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My WinForms application has a button. This button has accelerator key (e.g. Alt+L). When button is pressed I handle the Click event and disable UI to prevent further button clicks until processing is finished. However, when accelerator key is pressed using keyboard those keystrokes are queued and get processed as soon as UI is enabled again. I don't want this. My question is how to clear/flush keyboard buffer?

If I use KeyPress or KeyDown to eat those characters I don't know when they have been received. I only want to suppress old/stale messages that arrived when I was still processing first Click event.

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You disable the button and the keystrokes manage to push it? Try Application.DoEvents before re-enabling the button. –  Cody Gray Jan 27 '11 at 4:53
sounds like work you are doing might want to run on it's own thread to free up the user interface thread and keep the message pump going. Application.DoEvents might help. But another thread seems like a good idea too. –  madmik3 Jan 27 '11 at 5:02
@madmik3: Agreed about creating a new thread. Application.DoEvents is somewhat of a hack. Multithreading is the more elegant solution. @Jacob: But you first need to confirm that UI blocking is indeed the problem. It's not clear from the question that you're doing everything else correctly. –  Cody Gray Jan 27 '11 at 5:43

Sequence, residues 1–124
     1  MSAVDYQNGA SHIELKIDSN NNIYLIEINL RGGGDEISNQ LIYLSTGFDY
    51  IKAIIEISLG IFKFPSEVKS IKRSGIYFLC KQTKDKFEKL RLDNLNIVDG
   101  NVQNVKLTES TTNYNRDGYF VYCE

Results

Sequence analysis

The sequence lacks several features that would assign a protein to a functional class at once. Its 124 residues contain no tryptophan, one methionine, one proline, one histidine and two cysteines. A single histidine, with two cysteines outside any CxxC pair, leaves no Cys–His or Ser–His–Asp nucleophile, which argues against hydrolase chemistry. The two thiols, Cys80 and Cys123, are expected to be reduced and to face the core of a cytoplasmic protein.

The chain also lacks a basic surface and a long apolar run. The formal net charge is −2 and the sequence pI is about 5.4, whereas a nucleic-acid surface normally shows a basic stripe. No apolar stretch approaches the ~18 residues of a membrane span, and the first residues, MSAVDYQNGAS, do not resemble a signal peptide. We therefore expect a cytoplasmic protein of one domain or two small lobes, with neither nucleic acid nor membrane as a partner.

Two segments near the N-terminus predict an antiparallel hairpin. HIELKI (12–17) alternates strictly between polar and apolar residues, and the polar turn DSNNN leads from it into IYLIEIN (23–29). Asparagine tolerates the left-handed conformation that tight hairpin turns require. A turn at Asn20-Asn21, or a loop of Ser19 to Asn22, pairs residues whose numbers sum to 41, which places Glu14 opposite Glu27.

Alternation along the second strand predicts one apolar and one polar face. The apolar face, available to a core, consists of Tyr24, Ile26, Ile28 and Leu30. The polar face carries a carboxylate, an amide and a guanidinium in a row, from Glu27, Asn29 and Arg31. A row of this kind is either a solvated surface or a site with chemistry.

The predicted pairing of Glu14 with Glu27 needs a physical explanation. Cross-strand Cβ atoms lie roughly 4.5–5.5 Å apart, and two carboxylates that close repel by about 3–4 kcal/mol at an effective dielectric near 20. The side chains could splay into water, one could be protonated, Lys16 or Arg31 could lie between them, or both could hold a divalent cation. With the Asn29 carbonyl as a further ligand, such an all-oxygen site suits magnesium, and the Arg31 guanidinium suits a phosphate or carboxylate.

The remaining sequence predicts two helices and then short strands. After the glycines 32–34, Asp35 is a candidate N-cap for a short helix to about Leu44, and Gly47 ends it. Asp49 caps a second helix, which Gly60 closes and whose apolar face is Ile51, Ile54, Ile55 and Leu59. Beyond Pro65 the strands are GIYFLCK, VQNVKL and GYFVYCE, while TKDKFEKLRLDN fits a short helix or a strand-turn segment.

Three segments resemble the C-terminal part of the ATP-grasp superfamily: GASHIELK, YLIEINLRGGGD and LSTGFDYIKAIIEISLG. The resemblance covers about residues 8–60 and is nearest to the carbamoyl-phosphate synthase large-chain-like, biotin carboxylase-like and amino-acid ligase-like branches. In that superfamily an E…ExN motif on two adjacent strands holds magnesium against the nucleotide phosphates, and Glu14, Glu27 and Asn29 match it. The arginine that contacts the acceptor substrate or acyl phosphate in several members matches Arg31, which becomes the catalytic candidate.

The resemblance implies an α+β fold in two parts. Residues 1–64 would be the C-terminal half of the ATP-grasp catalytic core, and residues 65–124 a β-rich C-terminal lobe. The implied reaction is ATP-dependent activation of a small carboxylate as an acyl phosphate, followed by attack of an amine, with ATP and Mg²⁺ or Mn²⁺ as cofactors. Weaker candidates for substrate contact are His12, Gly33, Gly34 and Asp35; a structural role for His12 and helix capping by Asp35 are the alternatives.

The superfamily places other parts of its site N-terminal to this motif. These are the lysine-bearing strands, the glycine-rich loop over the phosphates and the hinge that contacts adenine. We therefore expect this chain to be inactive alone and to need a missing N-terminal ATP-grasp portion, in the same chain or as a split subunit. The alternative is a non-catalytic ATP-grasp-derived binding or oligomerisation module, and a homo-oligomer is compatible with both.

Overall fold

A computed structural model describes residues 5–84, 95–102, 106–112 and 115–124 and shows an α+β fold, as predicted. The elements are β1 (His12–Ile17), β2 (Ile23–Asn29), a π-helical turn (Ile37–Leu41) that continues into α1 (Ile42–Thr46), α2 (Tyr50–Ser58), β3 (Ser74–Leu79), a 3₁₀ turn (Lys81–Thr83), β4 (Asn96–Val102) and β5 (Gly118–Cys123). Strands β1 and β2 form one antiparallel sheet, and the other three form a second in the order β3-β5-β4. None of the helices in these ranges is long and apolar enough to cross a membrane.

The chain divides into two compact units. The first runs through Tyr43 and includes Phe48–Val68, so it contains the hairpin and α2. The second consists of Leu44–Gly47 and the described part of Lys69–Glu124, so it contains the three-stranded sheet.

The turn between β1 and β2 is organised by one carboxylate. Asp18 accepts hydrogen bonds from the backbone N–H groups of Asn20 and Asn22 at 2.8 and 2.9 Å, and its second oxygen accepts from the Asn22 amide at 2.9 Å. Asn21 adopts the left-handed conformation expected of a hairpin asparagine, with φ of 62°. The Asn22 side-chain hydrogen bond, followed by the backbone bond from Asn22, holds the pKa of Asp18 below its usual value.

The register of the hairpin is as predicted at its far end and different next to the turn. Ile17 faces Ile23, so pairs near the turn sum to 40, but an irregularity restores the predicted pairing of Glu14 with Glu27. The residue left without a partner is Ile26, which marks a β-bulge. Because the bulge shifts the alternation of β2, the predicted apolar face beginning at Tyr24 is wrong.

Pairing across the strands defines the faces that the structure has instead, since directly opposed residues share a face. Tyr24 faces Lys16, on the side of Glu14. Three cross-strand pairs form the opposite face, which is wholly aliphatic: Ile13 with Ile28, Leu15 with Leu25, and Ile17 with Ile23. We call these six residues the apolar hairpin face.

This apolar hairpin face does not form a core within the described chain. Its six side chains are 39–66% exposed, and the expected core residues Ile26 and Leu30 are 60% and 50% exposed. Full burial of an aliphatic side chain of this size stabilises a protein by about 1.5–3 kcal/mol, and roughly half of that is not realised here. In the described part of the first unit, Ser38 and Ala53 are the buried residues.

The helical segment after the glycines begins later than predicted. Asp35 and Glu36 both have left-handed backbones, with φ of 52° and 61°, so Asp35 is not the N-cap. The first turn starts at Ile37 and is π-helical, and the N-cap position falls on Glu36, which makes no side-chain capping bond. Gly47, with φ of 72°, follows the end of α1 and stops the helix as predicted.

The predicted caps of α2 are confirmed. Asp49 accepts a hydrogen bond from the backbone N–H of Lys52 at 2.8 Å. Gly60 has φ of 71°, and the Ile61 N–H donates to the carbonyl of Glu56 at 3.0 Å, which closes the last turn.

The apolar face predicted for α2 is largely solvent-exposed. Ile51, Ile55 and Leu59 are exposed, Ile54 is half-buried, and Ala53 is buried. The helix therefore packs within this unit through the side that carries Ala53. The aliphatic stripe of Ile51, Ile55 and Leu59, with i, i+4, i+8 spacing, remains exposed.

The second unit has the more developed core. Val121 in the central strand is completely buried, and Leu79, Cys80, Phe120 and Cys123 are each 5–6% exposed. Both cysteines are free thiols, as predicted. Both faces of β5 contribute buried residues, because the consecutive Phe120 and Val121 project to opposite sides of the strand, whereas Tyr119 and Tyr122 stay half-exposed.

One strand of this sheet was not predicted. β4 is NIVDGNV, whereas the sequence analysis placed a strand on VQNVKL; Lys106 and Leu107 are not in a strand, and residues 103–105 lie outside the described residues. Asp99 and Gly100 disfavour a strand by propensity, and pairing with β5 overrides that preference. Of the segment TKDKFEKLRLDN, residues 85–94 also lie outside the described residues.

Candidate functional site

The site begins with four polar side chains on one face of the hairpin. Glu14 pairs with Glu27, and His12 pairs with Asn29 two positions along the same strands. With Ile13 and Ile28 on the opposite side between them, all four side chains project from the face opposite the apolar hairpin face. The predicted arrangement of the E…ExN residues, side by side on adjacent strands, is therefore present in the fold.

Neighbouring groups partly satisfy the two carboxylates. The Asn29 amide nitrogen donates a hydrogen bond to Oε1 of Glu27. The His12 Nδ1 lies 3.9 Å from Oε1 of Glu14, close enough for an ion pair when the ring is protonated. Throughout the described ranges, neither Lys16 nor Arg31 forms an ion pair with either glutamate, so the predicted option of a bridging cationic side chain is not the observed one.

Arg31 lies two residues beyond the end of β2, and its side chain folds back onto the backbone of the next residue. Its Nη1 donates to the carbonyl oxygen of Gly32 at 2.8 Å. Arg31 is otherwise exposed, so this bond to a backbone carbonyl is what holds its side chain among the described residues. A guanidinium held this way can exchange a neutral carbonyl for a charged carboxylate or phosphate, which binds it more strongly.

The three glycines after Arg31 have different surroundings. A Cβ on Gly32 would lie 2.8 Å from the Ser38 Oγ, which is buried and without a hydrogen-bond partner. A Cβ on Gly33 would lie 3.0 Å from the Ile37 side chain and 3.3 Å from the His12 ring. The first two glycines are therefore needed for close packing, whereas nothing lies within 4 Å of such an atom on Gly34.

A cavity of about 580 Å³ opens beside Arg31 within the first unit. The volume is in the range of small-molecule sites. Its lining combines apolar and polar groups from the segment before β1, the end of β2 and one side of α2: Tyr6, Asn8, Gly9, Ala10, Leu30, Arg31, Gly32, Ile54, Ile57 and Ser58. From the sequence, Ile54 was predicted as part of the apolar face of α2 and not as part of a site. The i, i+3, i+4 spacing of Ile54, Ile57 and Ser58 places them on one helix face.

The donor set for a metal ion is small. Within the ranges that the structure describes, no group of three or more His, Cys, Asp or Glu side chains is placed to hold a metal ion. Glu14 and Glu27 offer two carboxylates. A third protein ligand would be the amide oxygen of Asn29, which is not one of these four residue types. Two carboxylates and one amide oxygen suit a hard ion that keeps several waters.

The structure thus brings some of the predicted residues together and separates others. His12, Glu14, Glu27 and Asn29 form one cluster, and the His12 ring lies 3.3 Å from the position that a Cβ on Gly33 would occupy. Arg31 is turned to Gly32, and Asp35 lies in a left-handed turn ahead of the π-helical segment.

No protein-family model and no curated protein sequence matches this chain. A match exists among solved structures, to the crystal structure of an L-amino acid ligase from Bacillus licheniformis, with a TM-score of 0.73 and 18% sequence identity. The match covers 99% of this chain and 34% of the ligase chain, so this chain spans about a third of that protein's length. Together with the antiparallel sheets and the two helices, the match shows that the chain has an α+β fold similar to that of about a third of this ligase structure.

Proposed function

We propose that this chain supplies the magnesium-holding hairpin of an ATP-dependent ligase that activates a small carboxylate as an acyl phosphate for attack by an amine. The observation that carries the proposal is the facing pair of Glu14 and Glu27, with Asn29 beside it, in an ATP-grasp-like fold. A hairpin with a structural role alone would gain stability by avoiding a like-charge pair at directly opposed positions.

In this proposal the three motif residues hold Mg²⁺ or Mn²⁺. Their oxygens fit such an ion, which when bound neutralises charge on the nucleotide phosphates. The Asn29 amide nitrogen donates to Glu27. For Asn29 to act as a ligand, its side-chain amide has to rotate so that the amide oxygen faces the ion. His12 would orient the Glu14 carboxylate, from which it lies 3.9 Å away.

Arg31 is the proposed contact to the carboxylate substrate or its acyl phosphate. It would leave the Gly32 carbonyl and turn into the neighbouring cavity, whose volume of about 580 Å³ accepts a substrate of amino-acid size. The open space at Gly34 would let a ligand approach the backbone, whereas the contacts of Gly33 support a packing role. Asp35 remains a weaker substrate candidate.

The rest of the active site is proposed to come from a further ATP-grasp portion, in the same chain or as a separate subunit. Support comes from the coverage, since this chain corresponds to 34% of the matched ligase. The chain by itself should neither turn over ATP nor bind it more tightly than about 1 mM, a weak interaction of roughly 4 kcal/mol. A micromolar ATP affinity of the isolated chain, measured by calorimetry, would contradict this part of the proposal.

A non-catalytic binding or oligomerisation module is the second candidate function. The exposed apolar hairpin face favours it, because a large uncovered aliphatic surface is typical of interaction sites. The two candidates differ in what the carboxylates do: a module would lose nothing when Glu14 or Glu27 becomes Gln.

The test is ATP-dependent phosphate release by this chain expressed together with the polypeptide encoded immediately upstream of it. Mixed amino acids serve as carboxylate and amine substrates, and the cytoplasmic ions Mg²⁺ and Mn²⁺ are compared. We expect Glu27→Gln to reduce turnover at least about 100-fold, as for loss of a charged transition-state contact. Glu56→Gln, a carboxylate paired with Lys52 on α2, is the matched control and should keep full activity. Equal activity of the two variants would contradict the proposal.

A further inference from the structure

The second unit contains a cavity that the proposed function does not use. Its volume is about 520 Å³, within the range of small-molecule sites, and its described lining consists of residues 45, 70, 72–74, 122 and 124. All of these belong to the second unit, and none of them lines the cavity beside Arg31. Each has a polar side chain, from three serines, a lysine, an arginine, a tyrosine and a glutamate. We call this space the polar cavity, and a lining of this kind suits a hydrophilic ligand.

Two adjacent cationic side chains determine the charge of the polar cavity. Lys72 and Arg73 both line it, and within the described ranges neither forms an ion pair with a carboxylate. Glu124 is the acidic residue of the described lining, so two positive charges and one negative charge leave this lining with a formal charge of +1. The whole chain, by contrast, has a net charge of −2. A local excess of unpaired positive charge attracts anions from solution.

@Cody: Maybe the fact that UI is disabled is not relevant. What I see is that if the user types faster than application can handle or it can't process the events, the keystrokes are queued for later processing. I don't want this. –  Jacob Seleznev Jan 27 '11 at 8:06

1 Answer 1

up vote 1 down vote accepted

Yes, indeed your theory of the problem is consistent with that proposed by both myself and madmik3 in the comment exchange above. The amount of work your application is doing on the UI thread is effectively blocking it from processing other events, including keystrokes by the user. Those are getting queued for later execution whenever your application finishes its time-consuming foreground task. Those are the perils of a modern-day, pre-emptive multitasking OS. Of course, without posting your actual code, the best I or anyone else can do is speculate about what the problem is, given our experience.

The quick check to confirm that this is actually the case is to toss Application.DoEvents into your processing loop. That will allow the OS to handle the keystrokes immediately, which will all fail because the button has been disabled. (Click events, whether initiated by the mouse or keyboard shortcuts, are not raised for a Button control that has its Enabled property set to "False".) This is the closest you'll get to anything like "flushing the buffers". I doubt you're receiving KeyDown or KeyPress events anyway until after whatever long-running task has completed.

If that fixes the problem, the long-term solution is to spawn a new thread and perform whatever processing you need to do there, instead of on your UI thread. This will prevent you from blocking your UI thread, and, assuming the Button control is correctly disabled, cause the keystrokes to get thrown away because the button they "click" is in a non-clickable state. The simplest way to create a new thread is using the BackgroundWorker component. The documentation contains a pretty good example.

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